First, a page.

For many who know me, and know how my world revolves around good food, it comes as no surprise then that I especially love the small roadside restaurants that exist on every street corner, where a variety of dishes are served to customers having beer from a keg and sitting on small child size plastic stools. We visited such a restaurant on our first day in Hanoi, wanting some authentic Vietnamese food. Upon sitting down however, we saw the large and comprehensive menu, all in Vietnamese and none of which we understood (see photo below!). Our receipt says “Bia Hoi 97 Phung Hung”, not sure whether that is the restaurant name, the street, or both! We sat down in the small tiny children’s chairs and a tiny table, and we then realized the ENTIRE menu was in Vietnamese. And that El and I knew nothing about Vietnamese food. Uhhhh….soup? Noodles? The waitress replied with “Bia?” meaning “Beer?”. We nodded, and then reevaluated.

The very confusing Vietnamese menu

After my Lonely Planet Vietnamese iPod app didn’t help, I got up and wandered to the other table full of Vietnamese, to look at what they were eating. We soon began talking, and a very nice man asked what we wanted. We decided on fried noodles, which he ordered for us. Alongside two more beers, on him. Lo and behold, fried noodles with vegetables appeared! And they were DELICIOUS. When we finished, he came back over, and ordered us fried rice, his favorite. This very interesting fried rice came over, with more beers. The rice had a sweet yet meat tasting diced up thing in it that we thought was candied capsicum but then tasted like pork….it was delicious either way. The rice was hard and sweet, nothing like any fried rice I’d ever tasted. He then brought over some fried tofu, with mint leaves and a soy and chili dipping sauce. A Hanoi specialty. I could live off of that.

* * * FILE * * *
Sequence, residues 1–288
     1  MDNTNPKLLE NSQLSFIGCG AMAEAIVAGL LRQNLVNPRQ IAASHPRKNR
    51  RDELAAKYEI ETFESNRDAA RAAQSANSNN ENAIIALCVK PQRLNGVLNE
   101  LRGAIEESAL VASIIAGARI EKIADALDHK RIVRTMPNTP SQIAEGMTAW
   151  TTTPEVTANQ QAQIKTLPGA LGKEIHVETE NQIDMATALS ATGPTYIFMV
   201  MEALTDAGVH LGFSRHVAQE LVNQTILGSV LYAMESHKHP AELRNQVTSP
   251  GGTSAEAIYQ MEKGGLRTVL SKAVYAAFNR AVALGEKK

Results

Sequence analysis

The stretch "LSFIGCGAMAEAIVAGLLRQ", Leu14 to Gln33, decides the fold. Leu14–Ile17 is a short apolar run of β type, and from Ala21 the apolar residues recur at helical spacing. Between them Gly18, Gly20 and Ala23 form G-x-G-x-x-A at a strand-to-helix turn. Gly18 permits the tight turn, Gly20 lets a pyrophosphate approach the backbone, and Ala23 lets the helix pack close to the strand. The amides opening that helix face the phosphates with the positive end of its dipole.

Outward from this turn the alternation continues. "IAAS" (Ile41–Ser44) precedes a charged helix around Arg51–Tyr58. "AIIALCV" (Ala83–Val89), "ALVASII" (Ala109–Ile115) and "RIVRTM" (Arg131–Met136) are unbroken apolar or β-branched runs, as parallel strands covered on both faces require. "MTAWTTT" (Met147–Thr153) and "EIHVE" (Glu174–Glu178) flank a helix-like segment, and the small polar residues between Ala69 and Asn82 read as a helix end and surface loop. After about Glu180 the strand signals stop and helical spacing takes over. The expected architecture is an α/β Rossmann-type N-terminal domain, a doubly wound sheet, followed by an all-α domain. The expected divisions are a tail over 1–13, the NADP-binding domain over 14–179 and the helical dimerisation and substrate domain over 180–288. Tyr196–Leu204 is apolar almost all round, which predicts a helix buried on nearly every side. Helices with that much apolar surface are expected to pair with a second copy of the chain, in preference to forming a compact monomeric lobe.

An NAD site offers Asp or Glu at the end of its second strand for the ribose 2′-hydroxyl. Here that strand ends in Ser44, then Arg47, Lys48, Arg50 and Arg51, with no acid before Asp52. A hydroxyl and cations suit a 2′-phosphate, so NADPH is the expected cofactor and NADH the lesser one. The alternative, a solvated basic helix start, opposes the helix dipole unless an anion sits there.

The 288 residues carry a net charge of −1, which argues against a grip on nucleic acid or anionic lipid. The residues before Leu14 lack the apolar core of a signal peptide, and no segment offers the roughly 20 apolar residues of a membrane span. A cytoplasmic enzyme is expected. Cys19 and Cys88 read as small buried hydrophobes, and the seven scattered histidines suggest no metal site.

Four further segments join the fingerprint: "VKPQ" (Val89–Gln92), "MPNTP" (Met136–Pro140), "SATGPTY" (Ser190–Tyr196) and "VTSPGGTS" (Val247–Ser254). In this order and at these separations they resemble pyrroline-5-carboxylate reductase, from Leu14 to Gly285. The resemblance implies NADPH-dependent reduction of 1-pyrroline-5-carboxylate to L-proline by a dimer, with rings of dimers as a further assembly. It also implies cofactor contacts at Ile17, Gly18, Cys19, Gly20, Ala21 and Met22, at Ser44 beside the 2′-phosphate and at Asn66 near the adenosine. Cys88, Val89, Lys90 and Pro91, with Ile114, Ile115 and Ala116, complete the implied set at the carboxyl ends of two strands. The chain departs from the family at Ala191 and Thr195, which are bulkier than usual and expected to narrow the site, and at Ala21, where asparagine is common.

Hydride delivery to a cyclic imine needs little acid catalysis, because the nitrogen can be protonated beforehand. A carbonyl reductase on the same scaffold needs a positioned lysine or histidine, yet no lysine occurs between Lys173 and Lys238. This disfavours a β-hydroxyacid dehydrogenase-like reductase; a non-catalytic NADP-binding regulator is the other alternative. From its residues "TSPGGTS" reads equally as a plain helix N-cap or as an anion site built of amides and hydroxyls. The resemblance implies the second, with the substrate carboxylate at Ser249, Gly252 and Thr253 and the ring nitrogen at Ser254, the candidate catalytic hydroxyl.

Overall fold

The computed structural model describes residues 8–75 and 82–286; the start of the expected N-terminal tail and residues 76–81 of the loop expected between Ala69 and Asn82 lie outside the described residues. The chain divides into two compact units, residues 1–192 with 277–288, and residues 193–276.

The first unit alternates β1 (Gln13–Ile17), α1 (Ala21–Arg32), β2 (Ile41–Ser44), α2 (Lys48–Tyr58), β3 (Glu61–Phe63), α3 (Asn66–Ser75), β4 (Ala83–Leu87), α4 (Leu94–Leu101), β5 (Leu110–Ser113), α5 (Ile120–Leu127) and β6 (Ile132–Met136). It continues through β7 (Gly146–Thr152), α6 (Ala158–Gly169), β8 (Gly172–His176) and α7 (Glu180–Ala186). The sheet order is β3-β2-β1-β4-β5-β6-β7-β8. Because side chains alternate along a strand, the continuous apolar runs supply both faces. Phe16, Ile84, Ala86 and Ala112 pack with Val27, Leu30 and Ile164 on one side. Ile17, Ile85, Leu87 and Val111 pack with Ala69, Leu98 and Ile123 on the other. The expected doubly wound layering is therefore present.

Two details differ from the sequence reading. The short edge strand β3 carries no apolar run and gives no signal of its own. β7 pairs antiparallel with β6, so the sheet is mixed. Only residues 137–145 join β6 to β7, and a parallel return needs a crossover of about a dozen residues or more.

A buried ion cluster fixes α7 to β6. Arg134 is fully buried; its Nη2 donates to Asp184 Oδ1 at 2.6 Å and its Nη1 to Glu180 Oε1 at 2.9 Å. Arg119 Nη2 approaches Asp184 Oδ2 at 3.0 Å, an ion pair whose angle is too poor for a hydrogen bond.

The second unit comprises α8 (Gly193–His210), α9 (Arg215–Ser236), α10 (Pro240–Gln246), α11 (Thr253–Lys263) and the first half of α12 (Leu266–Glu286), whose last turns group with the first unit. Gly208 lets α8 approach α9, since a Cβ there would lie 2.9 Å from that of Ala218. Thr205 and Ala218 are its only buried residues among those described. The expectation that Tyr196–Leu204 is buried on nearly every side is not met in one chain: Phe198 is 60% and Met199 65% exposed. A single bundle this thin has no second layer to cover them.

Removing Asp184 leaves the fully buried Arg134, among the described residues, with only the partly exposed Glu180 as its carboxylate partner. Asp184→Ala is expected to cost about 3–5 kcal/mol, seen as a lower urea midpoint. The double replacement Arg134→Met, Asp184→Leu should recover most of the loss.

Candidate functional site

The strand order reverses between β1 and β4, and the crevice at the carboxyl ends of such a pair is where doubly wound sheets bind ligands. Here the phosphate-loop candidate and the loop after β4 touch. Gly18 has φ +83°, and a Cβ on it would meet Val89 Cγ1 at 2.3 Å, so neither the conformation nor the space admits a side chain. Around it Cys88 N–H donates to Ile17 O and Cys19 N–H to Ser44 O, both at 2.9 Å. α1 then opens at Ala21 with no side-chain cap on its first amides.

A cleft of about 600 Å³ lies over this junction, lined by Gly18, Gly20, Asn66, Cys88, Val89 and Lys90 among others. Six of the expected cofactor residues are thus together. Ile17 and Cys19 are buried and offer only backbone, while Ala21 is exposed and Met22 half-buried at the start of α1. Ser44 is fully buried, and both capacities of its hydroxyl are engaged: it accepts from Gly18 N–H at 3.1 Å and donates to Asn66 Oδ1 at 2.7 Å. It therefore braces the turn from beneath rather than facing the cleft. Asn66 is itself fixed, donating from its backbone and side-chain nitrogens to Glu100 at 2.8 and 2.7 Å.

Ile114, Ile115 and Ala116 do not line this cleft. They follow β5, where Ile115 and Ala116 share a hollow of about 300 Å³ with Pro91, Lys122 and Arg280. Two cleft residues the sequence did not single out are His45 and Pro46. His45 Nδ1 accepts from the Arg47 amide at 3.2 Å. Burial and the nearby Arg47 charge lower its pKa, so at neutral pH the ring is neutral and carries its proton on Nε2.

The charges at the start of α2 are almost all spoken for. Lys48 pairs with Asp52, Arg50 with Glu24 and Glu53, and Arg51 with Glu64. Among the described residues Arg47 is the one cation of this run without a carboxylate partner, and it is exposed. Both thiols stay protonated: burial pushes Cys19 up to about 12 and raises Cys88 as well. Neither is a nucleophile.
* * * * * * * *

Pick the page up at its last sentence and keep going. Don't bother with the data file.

He then came over for a chat, and more beers. Turns out he works in the movie industry, in distribution (his words) and upon googling him, he is directing a new film very soon! After about 3 hours here, we decided it was time to retire, and head back to our hostel, after saying goodbye and welcome. He paid for all our drinks and the tofu, and even gave us his change as a souvenir of Vietnam, telling us how colorful it was and what beautiful pictures were on it. He also wrote down the three meals we had, so we have at least three things we can order here when we are faced with another completely foreign menu.